- People Management
- Project Scheduling
- Supply Chain Logistics and Procurement
- Construction Management
- Cost Estimation
Burning Glass collected data from 2,197 job postings for project managers, project directors and project developers in the utilities sector in 2019. The estimated median salary for these roles (excluding technical roles like engineering manager or information technology project manager) was $93,466, increasing to $109,535 for job postings that mention a master’s degree.
Salary data is based on Burning Glass’s proprietary model for estimating the market salary of a specific role. This model uses job postings with advertised salaries and extrapolates based on other factors using machine learning.
“Government, business, and civil society leaders around the world have recognized the urgent need for ambitious climate action. A sustainable energy system is key to avoiding climate disruption, and demand for low-carbon energy sources will continue to growth rapidly both in the United States and globally. The sustainable energy industry will be a major source of well-paying, impactful jobs as the global economy recovers from the COVID-19 pandemic.”
About the MA in Sustainable Energy (online) Program at Johns Hopkins SAIS
The sustainable energy master’s program at Johns Hopkins University is uniquely tailored to fit the demands of the sustainable energy sector. Created by Johns Hopkins SAIS faculty with input from industry experts and employers, the program’s curriculum is designed to help graduates elevate their expertise in finance, economics and policy, while also helping them become more effective researchers.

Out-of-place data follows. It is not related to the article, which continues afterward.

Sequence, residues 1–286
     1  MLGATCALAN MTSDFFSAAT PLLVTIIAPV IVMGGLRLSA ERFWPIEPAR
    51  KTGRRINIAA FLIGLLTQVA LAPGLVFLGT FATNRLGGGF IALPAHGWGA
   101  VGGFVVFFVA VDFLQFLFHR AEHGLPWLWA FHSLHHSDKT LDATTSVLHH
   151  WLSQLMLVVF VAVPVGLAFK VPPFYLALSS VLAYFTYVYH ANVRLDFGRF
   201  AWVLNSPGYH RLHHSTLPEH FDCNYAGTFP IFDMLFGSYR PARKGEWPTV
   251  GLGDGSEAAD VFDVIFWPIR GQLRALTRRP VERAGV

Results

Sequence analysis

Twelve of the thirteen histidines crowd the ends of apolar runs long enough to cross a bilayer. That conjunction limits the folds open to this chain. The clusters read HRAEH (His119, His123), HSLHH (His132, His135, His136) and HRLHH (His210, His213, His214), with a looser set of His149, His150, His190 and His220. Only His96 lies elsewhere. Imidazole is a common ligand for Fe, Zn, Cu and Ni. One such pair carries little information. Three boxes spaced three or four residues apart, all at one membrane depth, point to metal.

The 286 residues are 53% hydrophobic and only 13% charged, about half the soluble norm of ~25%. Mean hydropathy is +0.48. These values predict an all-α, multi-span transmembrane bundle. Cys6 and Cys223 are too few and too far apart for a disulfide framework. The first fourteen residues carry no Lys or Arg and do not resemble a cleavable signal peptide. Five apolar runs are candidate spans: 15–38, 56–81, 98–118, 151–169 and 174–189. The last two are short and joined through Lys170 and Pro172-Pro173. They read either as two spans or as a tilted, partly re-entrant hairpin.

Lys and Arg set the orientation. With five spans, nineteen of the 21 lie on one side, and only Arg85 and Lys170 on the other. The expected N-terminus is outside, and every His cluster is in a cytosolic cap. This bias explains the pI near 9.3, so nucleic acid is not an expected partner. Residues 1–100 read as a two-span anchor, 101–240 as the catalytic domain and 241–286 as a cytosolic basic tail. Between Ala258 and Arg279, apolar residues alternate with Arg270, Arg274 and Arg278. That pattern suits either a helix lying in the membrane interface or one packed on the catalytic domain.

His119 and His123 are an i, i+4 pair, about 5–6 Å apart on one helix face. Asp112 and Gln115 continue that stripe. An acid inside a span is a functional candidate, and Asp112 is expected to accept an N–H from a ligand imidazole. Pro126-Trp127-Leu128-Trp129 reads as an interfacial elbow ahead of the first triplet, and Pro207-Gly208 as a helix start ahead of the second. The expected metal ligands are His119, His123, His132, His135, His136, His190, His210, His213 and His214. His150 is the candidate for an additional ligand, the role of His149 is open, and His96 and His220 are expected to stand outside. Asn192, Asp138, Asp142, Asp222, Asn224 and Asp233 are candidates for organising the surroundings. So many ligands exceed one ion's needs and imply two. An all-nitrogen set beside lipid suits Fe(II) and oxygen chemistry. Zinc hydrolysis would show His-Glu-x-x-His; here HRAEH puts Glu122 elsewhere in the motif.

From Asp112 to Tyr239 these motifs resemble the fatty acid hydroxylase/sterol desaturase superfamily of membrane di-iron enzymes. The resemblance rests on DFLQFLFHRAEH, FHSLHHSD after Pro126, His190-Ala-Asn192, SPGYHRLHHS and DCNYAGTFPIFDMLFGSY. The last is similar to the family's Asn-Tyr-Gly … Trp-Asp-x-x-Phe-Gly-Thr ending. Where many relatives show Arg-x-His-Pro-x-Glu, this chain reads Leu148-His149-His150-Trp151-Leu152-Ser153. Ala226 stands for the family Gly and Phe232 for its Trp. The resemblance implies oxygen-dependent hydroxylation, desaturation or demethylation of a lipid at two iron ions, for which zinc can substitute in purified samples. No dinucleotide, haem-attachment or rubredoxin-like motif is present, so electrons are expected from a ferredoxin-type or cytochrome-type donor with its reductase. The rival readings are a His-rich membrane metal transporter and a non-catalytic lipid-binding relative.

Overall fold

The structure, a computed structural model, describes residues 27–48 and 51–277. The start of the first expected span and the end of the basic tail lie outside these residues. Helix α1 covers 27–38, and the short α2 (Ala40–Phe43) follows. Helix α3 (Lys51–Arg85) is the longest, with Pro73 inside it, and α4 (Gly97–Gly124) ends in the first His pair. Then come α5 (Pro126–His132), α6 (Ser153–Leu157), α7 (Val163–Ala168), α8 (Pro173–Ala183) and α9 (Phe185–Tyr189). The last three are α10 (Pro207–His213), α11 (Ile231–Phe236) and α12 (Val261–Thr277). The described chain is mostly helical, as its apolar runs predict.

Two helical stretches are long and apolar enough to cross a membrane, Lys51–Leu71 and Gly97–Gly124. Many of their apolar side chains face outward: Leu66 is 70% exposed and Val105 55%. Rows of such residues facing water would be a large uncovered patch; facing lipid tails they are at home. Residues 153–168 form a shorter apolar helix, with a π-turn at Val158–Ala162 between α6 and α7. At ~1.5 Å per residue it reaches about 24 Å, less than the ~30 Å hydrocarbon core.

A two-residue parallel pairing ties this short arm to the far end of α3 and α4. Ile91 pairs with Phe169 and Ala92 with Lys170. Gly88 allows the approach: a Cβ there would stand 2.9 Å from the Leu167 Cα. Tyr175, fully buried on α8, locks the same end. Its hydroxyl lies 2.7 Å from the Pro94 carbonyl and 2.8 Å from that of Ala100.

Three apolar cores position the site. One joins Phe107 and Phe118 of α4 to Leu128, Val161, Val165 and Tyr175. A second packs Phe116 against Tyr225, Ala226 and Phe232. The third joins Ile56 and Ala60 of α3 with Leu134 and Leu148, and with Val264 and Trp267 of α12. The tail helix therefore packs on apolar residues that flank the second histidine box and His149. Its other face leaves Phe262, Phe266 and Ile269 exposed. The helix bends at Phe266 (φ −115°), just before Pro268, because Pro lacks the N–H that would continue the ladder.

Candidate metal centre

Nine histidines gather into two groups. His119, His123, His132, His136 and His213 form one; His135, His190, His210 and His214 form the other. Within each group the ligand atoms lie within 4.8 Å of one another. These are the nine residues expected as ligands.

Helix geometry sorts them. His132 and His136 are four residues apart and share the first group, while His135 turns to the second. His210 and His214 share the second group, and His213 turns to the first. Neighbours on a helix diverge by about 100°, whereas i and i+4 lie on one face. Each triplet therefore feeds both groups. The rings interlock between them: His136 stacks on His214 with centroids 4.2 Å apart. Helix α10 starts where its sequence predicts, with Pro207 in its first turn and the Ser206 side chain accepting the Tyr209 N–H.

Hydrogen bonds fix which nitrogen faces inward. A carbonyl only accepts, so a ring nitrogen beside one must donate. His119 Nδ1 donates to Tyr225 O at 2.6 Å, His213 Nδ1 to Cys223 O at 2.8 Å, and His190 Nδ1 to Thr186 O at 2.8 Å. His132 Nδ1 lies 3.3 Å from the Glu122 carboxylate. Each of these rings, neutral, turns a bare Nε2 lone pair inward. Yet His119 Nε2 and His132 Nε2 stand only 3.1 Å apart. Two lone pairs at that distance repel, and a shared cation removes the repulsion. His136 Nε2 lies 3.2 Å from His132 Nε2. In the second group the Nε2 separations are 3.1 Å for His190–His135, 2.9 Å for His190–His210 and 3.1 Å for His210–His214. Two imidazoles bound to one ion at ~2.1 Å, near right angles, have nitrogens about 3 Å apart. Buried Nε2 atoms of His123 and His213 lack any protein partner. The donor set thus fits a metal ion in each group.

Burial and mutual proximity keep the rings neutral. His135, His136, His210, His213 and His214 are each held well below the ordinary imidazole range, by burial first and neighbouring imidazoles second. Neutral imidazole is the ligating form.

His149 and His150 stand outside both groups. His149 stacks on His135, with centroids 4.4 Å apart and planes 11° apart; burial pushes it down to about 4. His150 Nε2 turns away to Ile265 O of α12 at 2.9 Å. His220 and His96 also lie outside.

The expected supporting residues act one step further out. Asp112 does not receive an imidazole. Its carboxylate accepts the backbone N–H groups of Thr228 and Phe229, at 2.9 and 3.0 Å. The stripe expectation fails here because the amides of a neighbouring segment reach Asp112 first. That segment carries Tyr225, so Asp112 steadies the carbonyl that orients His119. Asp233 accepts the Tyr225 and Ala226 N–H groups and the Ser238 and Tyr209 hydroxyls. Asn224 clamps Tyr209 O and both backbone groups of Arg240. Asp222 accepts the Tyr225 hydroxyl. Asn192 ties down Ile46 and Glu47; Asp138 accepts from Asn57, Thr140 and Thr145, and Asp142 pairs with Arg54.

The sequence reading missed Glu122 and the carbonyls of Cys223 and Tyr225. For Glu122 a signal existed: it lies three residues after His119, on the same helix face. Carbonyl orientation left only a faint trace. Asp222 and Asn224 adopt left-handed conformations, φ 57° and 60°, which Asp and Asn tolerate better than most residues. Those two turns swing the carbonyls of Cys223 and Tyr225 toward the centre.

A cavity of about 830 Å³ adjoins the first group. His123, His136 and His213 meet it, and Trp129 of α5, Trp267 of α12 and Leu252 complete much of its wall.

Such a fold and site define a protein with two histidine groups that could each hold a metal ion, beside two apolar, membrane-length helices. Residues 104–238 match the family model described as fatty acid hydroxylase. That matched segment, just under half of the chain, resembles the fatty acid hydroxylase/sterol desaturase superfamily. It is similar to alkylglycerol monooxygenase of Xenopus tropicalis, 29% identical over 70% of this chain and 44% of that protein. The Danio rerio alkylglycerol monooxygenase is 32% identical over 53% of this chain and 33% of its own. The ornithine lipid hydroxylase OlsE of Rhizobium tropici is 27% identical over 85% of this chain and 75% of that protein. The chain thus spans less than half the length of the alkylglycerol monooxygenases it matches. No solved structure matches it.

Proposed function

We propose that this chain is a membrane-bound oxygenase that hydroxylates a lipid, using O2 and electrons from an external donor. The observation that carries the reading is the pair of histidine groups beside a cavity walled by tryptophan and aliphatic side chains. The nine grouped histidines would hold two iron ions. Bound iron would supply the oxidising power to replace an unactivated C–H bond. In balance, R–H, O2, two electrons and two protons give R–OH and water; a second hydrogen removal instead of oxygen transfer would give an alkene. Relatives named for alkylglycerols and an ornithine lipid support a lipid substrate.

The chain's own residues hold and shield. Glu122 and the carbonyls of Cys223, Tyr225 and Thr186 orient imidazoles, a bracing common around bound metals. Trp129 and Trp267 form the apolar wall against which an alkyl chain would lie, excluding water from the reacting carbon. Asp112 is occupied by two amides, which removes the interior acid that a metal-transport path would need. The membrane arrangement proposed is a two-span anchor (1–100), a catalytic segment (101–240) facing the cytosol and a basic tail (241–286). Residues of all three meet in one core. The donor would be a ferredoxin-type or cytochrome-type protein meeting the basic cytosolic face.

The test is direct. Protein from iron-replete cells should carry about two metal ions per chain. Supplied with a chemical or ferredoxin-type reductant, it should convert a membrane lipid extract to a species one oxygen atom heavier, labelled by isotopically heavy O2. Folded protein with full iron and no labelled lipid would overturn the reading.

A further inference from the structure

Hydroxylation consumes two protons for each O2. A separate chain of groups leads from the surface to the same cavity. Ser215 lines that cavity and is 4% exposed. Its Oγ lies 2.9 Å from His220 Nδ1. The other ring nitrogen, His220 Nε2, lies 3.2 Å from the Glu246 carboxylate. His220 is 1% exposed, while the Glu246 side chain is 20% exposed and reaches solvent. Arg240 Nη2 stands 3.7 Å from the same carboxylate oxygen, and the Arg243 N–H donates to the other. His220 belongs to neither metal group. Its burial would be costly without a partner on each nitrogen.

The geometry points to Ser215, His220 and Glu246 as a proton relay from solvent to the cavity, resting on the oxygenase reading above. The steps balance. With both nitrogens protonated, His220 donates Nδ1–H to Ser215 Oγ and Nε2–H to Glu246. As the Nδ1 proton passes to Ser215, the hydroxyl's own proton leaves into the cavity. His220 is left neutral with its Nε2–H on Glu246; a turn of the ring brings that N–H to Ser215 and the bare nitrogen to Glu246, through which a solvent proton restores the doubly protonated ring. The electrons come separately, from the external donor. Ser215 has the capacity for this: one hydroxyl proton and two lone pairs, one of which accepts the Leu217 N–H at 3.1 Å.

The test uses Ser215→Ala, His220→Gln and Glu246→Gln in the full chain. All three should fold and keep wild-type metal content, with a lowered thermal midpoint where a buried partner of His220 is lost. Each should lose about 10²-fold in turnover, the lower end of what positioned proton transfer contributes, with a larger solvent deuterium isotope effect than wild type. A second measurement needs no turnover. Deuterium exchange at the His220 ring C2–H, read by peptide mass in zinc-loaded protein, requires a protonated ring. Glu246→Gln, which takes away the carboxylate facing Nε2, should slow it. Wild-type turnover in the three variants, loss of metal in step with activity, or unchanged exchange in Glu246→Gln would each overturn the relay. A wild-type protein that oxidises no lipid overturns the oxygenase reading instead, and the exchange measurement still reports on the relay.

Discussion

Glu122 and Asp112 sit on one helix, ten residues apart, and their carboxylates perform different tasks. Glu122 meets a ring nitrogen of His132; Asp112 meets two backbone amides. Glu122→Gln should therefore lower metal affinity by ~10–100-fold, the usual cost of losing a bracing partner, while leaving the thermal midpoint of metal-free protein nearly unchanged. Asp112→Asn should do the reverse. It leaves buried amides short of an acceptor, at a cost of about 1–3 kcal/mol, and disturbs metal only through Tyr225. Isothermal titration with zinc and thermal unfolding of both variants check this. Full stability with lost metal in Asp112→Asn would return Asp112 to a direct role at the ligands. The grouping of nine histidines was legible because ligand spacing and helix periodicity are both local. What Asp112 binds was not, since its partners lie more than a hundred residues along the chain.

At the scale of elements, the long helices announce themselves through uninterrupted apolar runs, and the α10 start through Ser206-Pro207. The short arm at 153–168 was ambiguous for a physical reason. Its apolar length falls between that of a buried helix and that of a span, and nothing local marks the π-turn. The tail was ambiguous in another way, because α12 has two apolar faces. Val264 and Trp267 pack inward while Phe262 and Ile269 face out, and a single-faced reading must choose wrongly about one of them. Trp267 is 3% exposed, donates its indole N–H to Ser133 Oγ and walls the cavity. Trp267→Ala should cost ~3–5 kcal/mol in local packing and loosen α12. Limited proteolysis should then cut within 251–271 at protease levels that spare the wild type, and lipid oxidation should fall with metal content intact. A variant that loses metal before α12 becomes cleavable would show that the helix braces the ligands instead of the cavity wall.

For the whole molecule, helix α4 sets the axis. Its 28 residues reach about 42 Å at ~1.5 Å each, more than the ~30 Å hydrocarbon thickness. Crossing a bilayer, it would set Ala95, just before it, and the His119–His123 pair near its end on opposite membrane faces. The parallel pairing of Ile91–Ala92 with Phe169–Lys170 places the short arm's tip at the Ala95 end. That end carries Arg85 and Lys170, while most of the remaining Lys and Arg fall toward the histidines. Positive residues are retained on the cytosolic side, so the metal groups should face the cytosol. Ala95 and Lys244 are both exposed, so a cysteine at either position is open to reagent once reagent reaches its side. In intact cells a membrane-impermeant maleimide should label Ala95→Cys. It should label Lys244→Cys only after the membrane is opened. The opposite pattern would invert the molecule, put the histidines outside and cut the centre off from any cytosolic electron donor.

The challenges we face in transitioning to sustainable energy are global in nature, and, as a top-11 global university, Johns Hopkins is uniquely positioned to give graduates the skills they need to thrive in many different professional environments, including in government agencies, utility companies, energy trade organizations, global energy governance organizations and more. Students enrolled in the Johns Hopkins SAIS sustainable energy degree program benefit from our global perspective, our industry connections, our highly engaged 230,000+ alumni network and our high-touch career services.
Disclaimer: This content has not been peer reviewed and is for informational purposes only.